Table of Contents

Handbook on the History of Economic Analysis Volume I

Handbook on the History of Economic Analysis Volume I

Great Economists Since Petty and Boisguilbert

Edited by Gilbert Faccarello and Heinz D. Kurz

Volume I contains original biographical profiles of many of the most important and influential economists from the seventeenth century to the present day. These inform the reader about their lives, works and impact on the further development of the discipline. The emphasis is on their lasting contributions to our understanding of the complex system known as the economy. The entries also shed light on the means and ways in which the functioning of this system can be improved and its dysfunction reduced. Each Handbook can be read individually and acts as a self-contained volume in its own right. It can be purchased separately or as part of a three-volume set.

Chapter 90: John von Neumann (1903–1957)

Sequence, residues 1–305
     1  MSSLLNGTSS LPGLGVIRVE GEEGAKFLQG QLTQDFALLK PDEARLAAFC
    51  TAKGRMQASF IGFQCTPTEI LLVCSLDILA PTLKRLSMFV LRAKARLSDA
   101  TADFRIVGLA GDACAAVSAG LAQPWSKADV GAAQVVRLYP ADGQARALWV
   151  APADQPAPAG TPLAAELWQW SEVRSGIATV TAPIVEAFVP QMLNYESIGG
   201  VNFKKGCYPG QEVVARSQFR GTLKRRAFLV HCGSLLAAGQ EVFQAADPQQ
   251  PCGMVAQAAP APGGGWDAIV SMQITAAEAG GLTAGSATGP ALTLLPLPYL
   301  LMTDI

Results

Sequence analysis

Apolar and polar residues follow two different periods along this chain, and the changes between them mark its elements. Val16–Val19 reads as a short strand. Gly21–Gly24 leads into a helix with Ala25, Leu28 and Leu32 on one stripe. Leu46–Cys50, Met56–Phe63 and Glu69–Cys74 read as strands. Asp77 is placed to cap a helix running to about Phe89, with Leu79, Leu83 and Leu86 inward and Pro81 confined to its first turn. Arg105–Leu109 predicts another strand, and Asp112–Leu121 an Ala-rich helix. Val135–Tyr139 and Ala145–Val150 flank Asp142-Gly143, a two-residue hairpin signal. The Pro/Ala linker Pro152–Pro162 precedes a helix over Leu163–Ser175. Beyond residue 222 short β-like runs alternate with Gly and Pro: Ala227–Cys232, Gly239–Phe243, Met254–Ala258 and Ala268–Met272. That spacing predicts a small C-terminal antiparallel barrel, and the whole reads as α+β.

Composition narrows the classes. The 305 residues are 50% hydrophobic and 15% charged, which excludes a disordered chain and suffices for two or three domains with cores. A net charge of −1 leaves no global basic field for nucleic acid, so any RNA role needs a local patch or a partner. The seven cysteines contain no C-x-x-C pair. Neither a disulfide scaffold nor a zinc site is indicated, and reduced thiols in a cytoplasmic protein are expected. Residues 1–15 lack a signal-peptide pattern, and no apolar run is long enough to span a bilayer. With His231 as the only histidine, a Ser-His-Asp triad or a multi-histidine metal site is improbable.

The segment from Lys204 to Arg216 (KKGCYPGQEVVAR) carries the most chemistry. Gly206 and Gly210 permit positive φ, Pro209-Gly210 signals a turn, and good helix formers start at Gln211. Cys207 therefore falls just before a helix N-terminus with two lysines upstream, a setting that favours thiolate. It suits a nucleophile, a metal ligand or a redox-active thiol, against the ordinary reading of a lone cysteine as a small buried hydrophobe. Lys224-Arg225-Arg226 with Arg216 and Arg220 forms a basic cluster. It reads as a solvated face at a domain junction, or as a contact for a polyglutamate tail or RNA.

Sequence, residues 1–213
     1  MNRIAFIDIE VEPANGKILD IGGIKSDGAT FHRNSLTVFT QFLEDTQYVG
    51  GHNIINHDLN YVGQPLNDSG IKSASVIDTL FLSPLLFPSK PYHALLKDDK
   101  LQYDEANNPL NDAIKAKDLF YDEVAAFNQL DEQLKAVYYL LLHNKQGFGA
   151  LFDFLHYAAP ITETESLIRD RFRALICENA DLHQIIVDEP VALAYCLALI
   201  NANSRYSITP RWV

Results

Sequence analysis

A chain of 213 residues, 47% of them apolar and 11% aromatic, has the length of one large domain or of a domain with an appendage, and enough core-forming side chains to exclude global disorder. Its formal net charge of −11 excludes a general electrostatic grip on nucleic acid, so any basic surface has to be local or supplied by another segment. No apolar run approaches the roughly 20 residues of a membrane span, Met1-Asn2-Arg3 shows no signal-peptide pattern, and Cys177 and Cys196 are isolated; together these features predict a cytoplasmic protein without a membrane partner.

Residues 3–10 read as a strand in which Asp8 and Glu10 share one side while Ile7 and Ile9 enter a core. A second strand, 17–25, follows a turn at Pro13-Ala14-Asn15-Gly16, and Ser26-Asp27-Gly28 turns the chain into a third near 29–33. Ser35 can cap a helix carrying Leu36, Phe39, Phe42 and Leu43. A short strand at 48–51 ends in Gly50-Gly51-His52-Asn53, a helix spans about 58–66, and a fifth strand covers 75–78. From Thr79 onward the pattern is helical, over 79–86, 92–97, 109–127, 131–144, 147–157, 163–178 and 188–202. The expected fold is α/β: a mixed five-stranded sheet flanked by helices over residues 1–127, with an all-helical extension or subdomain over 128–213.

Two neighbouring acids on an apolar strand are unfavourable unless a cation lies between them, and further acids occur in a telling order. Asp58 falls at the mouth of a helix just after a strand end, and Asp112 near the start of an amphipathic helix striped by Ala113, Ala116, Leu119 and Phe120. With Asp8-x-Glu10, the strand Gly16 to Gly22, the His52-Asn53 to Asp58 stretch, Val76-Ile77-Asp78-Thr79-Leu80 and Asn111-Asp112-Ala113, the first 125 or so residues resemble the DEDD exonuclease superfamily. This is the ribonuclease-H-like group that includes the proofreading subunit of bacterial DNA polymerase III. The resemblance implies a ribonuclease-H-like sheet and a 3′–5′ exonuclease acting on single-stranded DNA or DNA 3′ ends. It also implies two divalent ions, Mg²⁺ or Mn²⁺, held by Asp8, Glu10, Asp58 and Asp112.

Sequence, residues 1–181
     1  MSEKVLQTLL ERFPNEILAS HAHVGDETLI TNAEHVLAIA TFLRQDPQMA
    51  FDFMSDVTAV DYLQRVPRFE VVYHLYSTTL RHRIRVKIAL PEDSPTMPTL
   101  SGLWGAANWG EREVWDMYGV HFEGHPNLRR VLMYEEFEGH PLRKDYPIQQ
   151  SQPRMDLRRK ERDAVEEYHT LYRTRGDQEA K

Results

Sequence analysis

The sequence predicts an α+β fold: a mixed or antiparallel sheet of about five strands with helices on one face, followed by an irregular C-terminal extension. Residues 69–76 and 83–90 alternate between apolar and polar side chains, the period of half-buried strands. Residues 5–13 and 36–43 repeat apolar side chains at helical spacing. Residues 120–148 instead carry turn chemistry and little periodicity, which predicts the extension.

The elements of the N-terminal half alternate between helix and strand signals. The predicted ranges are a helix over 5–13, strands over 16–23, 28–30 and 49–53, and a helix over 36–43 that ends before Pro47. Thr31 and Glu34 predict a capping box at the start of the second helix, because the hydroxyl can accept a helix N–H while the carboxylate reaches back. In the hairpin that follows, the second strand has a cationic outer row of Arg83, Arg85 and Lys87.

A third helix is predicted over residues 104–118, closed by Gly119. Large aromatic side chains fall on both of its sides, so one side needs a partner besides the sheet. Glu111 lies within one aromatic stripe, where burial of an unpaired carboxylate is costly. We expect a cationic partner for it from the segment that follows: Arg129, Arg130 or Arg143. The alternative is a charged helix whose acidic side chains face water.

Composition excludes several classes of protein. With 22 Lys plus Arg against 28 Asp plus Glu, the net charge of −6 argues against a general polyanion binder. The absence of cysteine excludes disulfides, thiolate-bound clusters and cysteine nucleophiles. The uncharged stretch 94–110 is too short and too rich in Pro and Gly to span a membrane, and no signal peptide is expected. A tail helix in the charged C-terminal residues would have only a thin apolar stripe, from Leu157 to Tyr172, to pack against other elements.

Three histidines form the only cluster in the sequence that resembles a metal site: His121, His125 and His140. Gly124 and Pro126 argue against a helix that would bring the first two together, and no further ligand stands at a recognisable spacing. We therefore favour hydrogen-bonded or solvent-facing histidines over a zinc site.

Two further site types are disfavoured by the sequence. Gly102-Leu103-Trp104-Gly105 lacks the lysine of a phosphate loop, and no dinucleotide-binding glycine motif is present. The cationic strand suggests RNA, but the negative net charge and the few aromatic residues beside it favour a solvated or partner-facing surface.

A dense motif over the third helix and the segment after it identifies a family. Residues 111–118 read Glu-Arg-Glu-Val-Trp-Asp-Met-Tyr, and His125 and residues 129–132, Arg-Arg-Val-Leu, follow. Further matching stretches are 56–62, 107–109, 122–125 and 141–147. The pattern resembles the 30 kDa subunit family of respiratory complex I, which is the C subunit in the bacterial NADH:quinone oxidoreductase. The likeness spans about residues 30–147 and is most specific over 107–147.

Manfred J. Holler

Subjects: economics and finance, history of economic thought


Two Contributions? The impact of John von Neumann’s “model of general economic equilibrium” could be evaluated by the number and names of laureates of the Sveriges Riksbank Prize in Economic Sciences in Memory of Alfred Nobel who refer to this work: Kenneth Arrow, Gérard Debreu, Paul Samuelson, Tjalling Koopmans, Leonid Kantarovich, and Robert Solow. Weintraub (1983: 13) claims that von Neumann’s “A model of general economic equilibrium” (GE) is “the single most important article in mathematical economics” while Baumol (1972) labels GE “the most remarkable virtuoso performance” in this field. Indeed, GE is a virtuoso performance, but one can easily get advanced degrees in economics without having heard of this paper. This is not to say that advanced students of economics do not study both general equilibrium theory and growth theory, but they might never learn that the mathematical treatment of both has one of its roots in von Neumann’s GE. Von Neumann presented this paper at the Mathematical Seminar of Princeton University in 1932 and in Karl Menger’s Mathematical Colloquium at the University of Vienna in 1936. It was published in German in 1937 and in English in 1945, see von Neumann (1937 [1945]). This is quite different to the second area of economics that von Neumann inspired with his work, that is, game theory. Of course, we cannot answer the question of how game theory would look today, or whether there would be any game theory at all, if von Neumann had never presented the minimax theorem...

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